Alumnus Profile: Derek Etkin | WSSS | Tufts University

Alumnus Profile: Derek Etkin

by Libby Mahaffy

WSSS Alumnus Derek Etkin

Derek Etkin, a 2008 Tufts graduate in Civil and Environmental Engineering (CEE) and a WSSS alumnus, took time out of his busy schedule to talk with Libby Mahaffy in late March 2010. Derek is currently a Water Resources Engineer at CDM Smith in Cambridge, MA. The following is an excerpt of their phone interview.

Libby Mahaffy is a graduate student in the UEP program and an intern at the Tufts Institute of the Environment.

Learn more about Derek here.

Libby Mahaffy: Why did you join WSSS?
Derek Etkin: I first heard about the Civil [Engineering] department before I heard about WSSS because of professor Rich Vogel and professor Steve Chapra. They are big names in the field of water resources and I was interested in their research. Then when I spoke with Rich Vogel and Paul Kirshen, they both mentioned the WSSS program. With my focus it seemed like something I wanted to do.

LM: Was there anything surprising or unexpected about the WSSS program?
DE: I was impressed by the personal relationships I developed with people in a wide variety of disciplines. Their insights – in conversations in the hallway, after classes, in the library – really served me well. They were able to give me perspective on what might have become a very focused, discipline-specific research project I was working on. Some of those conversations led me down interesting, interdisciplinary paths in my own graduate research.

LM: What was your favorite part of the WSSS program?
DE: Those relationships I mentioned were facilitated by the practicum. I really liked the practicum, it was an opportunity for me to take initiative and pursue my own interests. It let me off the leash of civil engineering to explore a broader range of topics. I joined the WSSS program for that reason and the practicum allowed me to do that. Alewife Brook wasn’t exactly the Bahamas [the current WSSS practicum] – but it was great!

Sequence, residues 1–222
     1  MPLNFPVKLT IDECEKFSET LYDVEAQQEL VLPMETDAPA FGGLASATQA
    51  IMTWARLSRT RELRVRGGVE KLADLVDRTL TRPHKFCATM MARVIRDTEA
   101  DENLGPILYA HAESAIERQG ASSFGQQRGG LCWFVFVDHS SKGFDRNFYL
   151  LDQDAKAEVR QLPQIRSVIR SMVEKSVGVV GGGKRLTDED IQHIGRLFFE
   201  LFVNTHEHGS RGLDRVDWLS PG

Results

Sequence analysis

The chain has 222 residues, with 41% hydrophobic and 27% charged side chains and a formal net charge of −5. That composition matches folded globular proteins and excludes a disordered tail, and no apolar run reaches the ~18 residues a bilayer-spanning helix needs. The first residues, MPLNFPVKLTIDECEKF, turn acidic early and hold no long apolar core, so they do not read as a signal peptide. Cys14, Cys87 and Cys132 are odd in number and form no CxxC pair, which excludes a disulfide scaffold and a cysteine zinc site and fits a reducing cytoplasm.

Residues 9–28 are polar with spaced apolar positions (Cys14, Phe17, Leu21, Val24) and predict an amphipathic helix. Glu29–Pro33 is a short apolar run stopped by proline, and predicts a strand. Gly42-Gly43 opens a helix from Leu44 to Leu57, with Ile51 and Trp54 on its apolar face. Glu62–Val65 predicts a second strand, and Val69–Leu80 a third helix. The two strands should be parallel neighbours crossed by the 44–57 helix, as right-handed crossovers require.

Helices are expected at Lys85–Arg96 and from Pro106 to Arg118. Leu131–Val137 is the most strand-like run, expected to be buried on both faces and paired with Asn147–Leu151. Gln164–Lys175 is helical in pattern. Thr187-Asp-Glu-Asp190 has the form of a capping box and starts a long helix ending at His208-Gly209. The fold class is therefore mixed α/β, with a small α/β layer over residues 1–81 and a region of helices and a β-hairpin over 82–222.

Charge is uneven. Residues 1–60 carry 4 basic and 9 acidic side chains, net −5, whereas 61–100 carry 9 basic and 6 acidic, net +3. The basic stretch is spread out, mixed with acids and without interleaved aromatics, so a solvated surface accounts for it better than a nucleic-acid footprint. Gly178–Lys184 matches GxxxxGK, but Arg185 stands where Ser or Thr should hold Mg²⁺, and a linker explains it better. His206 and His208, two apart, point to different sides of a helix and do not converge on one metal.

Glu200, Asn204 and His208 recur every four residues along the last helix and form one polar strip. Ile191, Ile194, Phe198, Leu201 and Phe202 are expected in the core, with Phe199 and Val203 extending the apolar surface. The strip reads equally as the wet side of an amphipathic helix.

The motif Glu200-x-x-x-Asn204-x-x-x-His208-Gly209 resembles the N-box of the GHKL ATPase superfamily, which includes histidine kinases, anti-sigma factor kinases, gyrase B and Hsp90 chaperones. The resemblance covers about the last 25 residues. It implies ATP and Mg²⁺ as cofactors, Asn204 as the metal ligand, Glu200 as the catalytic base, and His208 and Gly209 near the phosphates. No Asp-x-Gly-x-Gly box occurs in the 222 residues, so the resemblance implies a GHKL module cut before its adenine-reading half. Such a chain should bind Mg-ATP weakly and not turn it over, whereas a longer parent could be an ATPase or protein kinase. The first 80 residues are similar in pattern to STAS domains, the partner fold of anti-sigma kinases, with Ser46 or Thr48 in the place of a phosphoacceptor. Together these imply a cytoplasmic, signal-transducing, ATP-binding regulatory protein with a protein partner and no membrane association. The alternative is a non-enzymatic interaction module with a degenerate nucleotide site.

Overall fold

LM: What was the most challenging part of WSSS?
DE: There were a lot of opportunities provided by WSSS that you can spend your time on – you know, lectures, going to talks, reading articles that different people put up [on the website]. That’s a challenge for students in graduate school! At least in our program [CEE] it’s all about your thesis research and that’s so demanding in terms of time, that I needed to stay disciplined to stay multi-disciplinary! I had to make sure I made an effort to be able to take advantage of everything that WSSS offered.

Another difficulty was as the CEE representative on the student advisory committee. Trying to get professors and academics who were used to doing research in a very tried-and-true way -- focusing in and publishing papers in their own field -- to collaborate and get involved with WSSS was challenging, even if their particular interests were totally relevant to interdisciplinary water research. The academic rewards system leaves something to be desired in terms of promoting interdisciplinary research, at least as I saw it.

LM: How are you using what you learned in WSSS in your current work/profession?
DE: I’m a water resources engineer, involved in projects that require computer modeling of water systems, like reservoir and irrigation networks, stormwater collection systems, combined sewer overflows, and watershed planning. When you’re part of a team of engineers and sometimes economists and planners you need to understand their different goals, what they’re looking for, how they see these infrastructure and water systems. My experiences in WSSS have helped me communicate with them and do a better job. On a few occasions I’ve been directly involved in some more integrated watershed management projects where my knowledge of other fields outside of hydraulics and hydrology has helped me come up with interesting ways to model these systems and try to incorporate different objectives into our project. Of the planners and more policy-oriented people outside of engineering that I have to work with, those people who have some background in engineering are really well-served. I would imagine that would be the case of graduates from the WSSS program.

LM: What’s one piece of advice for an incoming WSSS student?
DE: Graduate school is all about what you put into it. It’s a rare opportunity before you embark on a real profession to explore different opportunities within and outside of your field. That’s an opportunity that kind of closes down a little bit when you actually start working professionally. I don’t know that everyone I was a student with – or even myself – really appreciated that enough. So much of the time when you’re in grad school you’re so focused on just getting the class finished, just getting a certain grade, just finishing the paper you’re working on – you lose perspective. The people I saw who were the most successful at WSSS were the ones who were most self-motivated and would find new things to learn about and then learn about those things, in addition to whatever coursework they were asked to do by the professors.

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The Water: Systems, Science and Society (WSSS) program is a graduate research and education program that provides Tufts students with interdisciplinary perspectives and tools to manage water-related problems around the world.

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